It is very hard when you start getting really sick people in fast track. You don’t have the space, the equipment or the staff to care for them efficiently. People have no idea. Your other nurses have respect for you and know how hard you work.

  3. #3 by onlinenursing on Thursday 17 March 2011 - 1037

    Nurses – we keep doing what we were trained to do despite. Education is no different, administrators, family, parents, students… all feel very entitled and underestimate/undervalue the work of educators to make better nurses and as I have found, I never have a day/time off despite the alleged 10 month contract :)… besides falling on my sword I am darn good at teaching and inspiring nurses to do and be more!

    As Phil Baumann says Nurses are the last Jedi Knights of the Republic… he is quite right.
    Some days just plain suck and there is no solution for them… yet some of us keep coming back and giving it our all.
    The only way we make it better is to keep working but also keep problem solving, encouraging, and pulling people along to shadow us/follow us/ hear from us about how hard and important this work is. (Sounds Pollyanna-ish but so far it is the best way I have found to speak to what we do.)
    Your blog does this!!! Simply by highlighting your day and this conversation so eloquently you speak volumes to many about nursing. Keep up the great work and try not to eat unnamed unidentified food in the break room!

  4. #4 by Maha on Thursday 17 March 2011 - 1159

    During my first couple of shifts in fast track I was completely drowning because I got stuck with Dr. Let’s Order a Rheumatology Consult On a 20 Year Old Guy with Tennis Elbow. Needless to say it got really busy when I overheard some guy say something along the same lines. Lucky for me, my knight in shinning armor float nurse overheard his comment and called out the patient on his idiocy in front of all of his dude-bro friends and other patients. The guy kept his yap shut for the remainder of the visit and I had a huge grin on my face for the rest of my shift.

  5. #5 by Jenn Jilks on Thursday 17 March 2011 - 1203

    This civilian apologizes for the stupid people out there. There will always be stupid people. Ignorant, selfish, the Me generation. My deepest apologies, on behalf of all of us who may be patients.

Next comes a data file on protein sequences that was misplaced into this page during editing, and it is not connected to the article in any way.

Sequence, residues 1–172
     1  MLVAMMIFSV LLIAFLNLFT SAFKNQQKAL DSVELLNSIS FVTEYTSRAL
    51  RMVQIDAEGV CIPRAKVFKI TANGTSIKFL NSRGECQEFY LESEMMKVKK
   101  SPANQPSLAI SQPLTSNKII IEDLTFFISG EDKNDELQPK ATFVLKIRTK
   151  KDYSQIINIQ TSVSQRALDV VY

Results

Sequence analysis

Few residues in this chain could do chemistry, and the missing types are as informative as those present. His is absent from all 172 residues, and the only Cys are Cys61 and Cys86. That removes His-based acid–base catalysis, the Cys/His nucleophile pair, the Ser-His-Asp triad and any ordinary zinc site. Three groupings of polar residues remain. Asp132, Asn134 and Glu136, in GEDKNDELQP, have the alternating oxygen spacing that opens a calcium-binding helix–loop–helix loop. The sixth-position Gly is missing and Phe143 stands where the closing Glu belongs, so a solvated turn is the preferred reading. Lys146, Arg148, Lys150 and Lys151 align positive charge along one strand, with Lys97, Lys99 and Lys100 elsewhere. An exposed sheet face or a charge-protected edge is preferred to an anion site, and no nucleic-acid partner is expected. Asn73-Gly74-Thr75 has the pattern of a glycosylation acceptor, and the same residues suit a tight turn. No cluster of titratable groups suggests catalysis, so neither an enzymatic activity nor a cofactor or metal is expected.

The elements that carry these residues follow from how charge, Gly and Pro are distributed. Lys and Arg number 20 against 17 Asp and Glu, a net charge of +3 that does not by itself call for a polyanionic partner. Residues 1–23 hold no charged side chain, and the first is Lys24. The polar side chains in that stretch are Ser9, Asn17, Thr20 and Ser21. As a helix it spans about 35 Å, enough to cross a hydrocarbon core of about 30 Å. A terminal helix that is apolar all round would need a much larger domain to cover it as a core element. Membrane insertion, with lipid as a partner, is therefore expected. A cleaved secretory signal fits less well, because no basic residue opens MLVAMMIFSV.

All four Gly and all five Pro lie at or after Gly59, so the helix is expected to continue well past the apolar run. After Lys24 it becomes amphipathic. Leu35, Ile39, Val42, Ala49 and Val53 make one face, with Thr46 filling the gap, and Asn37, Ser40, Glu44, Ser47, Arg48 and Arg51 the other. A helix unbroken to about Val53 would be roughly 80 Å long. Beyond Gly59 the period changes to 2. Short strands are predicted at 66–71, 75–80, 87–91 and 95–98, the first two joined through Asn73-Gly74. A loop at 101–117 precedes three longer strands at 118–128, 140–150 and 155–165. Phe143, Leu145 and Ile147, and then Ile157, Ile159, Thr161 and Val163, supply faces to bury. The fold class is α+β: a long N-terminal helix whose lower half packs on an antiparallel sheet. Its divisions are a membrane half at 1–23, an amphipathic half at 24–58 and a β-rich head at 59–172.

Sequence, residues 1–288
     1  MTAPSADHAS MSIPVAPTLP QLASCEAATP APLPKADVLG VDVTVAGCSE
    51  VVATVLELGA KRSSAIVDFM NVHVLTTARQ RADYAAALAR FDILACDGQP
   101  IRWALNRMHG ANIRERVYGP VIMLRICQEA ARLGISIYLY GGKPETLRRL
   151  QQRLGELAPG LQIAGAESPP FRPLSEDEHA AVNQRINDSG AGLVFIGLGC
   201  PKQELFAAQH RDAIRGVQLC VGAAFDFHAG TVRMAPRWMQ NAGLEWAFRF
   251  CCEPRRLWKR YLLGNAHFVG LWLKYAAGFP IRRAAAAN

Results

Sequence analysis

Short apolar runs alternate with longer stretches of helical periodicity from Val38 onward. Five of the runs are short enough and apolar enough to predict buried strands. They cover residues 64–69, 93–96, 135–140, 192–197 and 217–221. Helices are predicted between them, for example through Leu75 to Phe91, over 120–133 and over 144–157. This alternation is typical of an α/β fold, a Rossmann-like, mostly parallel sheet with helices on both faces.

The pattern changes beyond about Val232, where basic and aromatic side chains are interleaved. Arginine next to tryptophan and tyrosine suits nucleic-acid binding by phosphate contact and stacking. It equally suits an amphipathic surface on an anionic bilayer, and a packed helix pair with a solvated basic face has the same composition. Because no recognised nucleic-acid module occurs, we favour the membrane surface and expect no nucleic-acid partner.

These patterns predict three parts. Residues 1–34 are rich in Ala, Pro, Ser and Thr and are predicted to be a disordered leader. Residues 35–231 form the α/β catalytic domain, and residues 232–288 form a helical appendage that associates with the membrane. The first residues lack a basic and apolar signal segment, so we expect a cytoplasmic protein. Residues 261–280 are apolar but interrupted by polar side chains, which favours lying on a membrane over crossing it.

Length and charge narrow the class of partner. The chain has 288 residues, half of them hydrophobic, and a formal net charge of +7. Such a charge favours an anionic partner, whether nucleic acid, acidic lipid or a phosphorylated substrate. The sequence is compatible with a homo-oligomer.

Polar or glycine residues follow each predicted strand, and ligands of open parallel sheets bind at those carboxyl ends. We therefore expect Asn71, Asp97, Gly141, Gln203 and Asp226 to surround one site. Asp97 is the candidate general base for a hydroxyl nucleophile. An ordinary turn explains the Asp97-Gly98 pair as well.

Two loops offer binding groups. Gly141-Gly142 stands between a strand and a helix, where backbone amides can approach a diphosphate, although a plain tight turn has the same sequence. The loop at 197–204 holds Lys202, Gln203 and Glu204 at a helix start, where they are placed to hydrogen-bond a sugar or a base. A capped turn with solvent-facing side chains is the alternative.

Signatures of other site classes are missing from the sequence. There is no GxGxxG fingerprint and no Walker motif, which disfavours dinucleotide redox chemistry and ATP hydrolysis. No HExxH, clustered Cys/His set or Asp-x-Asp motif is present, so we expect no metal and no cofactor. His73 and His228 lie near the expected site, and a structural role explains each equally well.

What I learned, caring for a parent with cancer and one with dementia, is that they lose perspective, and are not always in their right minds. This doesn’t sound like the case here. I love how the ED treats people as equals, except for their medical issues. In a waiting room, in a gown, no one knows who is rich, poor; powerless, powerful!

    I found, as a teacher, you sure heard when things weren’t going right. Seldom did someone celebrate your wins.
    That said, I believe that focusing on the people who are positive is the only way to go.
    I would have enjoyed it a great deal if you’d poked your head in the room and said, ‘Stupid, here! I’ve come to …[whatever she needed doing]. Since you are a far better person than that, I prefer imagining you did so!

  6. #6 by The Nerdy Nurse on Saturday 19 March 2011 - 1641

    I think it is always wise to do your very best to step back from a situation that is frustrating to you and attempt to see if from the other persons perspective. However, when you’re sick or hurting, or your family members are sick or hurting, sometimes your passion just gets the best of you and you may blurt out insensitive things.
    The ER is high stress for those involved in the care as well as those who are being cared for.